Canon EF-S 18-55mm II Lens
A selection of photos taken with the Canon 18-55 f/3.5-4.5 II IS lens in Thailand.
Clicking on the thumbnail images will open a larger image in a pop-up window.
Shutter speed: 1/100
Focal length: 53mm
EC +/-: 0
Location: Hat Yai, Thailand
File Size: 108 KB
Shutter speed: 1/100
Focal length: 24mm
EC +/-: 0
Flash: Canon 430EX II
Location: Hat Yai, Thailand
File Size: 178 KB
Shutter speed: 1/30
Focal length: 18mm
EC +/-: 0
Location: Phuket, Thailand
File Size: 216 KB
This is the kit lens that comes with Canon's entry level 'Rebel' DSLR's. It is an EF-S lens (with a white dot, rather than a red one) and therefore it can only be used with 1.6 crop factor (APS-C sensor cameras). It can't be used with full frame film or digital cameras, or with 1.3 crop factor APS-H cameras.
All Canon 1.6x crop factor DSLR cameras have been able to accept EF-S mount lenses since the 20D. My original 10D didn't have the capability and neither, I believe, did the 300D.
I only have access to this lens because it came with my wife's 550D DSLR. It's fairly compact, made from plastic, and therefore light. It feels very light when used in conjunction with a Rebel body and this combination is easy to use with small hands.
I have never owned this lens and I don't use my wife's lens because I have other, better lenses. The shots on this page were taken to write this page.
The autofocus works quickly and accurately, and the Image Stabilisation (IS) is effective. The IS works adequately for still photos and works particular well in movie mode. There is a good steadycam effect for videos.
With still photography the IS isn't as noticeable when it is working as it is on my 'L' lenses. On the 'L' lenses there is a distinctive noise when it is active.
The image quality will probably be good enough for purchasers of entry level DSLRs who wish to share photos on-line and make small prints. I am not a pixel peeper but when closely scrutinised it is quite easy to see the flaws in this budget lens.
Corner Sharpness, Vignetting and Purple Fringing
On some quick test shots the corner sharpness seemed quite good, even with the lens wide open. Vignetting wasn't too bad in conditions with good lighting but will be noticeable when the light starts to fade.
It's not too difficult to find some signs of purple fringing if you start pixel peeping at 200% magnification. This isn't surprising really for such a cheap lens. However, if you don't pixel peep and downsize images for the web or print 6x4 you probably won't notice anything.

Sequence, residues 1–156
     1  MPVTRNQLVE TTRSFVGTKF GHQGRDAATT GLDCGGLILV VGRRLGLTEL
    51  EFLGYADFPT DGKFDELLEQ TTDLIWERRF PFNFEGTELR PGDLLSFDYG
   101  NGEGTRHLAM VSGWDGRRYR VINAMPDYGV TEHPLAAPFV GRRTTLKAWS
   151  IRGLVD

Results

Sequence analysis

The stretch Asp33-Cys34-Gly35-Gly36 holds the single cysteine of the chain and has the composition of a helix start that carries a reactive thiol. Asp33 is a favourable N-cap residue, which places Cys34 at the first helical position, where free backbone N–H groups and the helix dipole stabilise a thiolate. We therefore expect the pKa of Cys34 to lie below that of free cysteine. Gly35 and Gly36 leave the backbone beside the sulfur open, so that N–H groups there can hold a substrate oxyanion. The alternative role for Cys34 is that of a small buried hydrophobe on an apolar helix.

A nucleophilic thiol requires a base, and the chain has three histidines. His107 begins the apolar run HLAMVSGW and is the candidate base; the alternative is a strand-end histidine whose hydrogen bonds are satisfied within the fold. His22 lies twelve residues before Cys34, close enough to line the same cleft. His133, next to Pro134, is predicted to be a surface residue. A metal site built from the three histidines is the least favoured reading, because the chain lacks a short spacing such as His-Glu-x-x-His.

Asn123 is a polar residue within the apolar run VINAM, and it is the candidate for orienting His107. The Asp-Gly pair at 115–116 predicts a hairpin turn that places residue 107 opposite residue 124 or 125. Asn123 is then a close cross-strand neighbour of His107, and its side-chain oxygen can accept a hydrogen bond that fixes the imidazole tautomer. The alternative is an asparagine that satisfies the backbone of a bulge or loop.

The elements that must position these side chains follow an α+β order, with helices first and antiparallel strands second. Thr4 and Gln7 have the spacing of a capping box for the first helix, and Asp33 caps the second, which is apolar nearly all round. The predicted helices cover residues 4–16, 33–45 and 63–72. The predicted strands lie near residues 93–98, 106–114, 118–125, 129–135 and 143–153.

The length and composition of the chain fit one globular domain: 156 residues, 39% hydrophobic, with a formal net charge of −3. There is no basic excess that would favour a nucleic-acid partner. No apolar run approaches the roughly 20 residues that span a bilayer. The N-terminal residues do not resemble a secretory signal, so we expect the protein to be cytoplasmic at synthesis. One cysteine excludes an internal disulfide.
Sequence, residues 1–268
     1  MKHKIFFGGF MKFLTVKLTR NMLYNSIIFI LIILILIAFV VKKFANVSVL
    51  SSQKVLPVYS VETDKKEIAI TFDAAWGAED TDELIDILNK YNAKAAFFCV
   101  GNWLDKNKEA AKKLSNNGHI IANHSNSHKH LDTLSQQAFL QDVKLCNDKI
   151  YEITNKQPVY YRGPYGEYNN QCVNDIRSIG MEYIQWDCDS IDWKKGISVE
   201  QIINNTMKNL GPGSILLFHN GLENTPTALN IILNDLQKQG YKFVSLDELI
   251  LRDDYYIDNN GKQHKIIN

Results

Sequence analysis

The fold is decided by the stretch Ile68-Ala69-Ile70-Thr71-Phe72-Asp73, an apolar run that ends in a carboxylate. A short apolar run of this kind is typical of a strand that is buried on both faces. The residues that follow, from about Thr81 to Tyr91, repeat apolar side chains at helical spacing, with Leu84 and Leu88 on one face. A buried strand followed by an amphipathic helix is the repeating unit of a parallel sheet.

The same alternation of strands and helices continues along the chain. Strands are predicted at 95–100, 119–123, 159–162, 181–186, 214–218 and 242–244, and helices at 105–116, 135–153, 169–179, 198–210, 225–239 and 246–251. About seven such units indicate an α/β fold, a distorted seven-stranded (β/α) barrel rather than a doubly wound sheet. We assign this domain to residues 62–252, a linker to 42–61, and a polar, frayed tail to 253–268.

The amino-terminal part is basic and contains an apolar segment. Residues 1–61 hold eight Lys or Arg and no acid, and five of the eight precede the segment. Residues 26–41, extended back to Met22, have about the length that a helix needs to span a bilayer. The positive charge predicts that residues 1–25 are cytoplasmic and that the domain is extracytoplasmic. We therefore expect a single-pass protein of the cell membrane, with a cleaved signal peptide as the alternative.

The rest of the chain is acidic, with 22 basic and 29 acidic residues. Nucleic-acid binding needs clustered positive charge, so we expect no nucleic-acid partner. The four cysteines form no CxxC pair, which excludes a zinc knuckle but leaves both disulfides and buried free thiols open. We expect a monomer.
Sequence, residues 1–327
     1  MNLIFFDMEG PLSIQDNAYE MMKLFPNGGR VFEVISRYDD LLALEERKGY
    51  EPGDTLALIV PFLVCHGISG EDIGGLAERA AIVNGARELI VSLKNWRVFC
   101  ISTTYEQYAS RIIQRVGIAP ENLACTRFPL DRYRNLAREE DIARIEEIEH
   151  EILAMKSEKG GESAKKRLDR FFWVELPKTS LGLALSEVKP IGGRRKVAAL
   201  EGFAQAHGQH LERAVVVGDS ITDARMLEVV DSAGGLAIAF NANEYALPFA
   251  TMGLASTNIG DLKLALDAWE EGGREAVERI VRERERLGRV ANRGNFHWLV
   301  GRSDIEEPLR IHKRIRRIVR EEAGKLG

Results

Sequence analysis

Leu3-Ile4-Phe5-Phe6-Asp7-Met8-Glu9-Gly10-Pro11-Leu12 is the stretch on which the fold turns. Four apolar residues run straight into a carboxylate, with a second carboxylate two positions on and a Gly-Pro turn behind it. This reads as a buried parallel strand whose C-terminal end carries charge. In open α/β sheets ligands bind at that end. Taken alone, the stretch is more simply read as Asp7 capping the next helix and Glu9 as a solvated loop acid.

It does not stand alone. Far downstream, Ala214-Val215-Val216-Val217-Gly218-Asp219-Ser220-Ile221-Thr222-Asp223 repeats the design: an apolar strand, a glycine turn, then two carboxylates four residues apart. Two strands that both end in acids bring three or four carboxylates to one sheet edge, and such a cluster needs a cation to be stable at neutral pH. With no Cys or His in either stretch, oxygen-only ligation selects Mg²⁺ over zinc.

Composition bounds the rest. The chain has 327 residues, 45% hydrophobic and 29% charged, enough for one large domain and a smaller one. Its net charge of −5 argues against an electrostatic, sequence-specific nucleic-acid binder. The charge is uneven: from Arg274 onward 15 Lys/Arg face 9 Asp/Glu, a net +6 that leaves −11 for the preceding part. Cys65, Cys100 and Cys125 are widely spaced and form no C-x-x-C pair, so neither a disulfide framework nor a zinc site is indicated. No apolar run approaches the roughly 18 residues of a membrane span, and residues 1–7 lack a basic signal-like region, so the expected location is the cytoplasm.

Colour And Contrast
The only zoom lens I have with a similar focal length range with which to make comparisons is the Canon EF 17-40mm f/4.0L.
I was expecting the colours, contrast and overall image quality to be a lot better with the 'L' lens. However, images of exactly the same scene taken from the same position with the same exposure settings showed that actually there was very little difference.
The 'L' lens is a lot more solid and the manufacturing quality is obvious. Its image quality under close scrutiny is also better but for general photography there isn't a lot of difference.
The kit lens doesn't come with a hood, however, the Canon EW-60C hood is available and can be purchased separately. I'm not sure that many people would bother buying a hood for this lens.
The lens doesn't support full time manual focusing. Has this ever been a problem for my wife? No. Will it ever be a problem for her? No. Does she even know that the lens can be manually focused? Probably no.
I guess that there are lots of people using Rebel cameras and this lens who are just like her. Those with more technical nous who need to do focus manually sometimes probably buy more expensive cameras and lenses.
I attempted a close up shot at around the 0.25m minimum focusing distance. I decide to use my camera's Live View function and to focus manually at 10x magnification.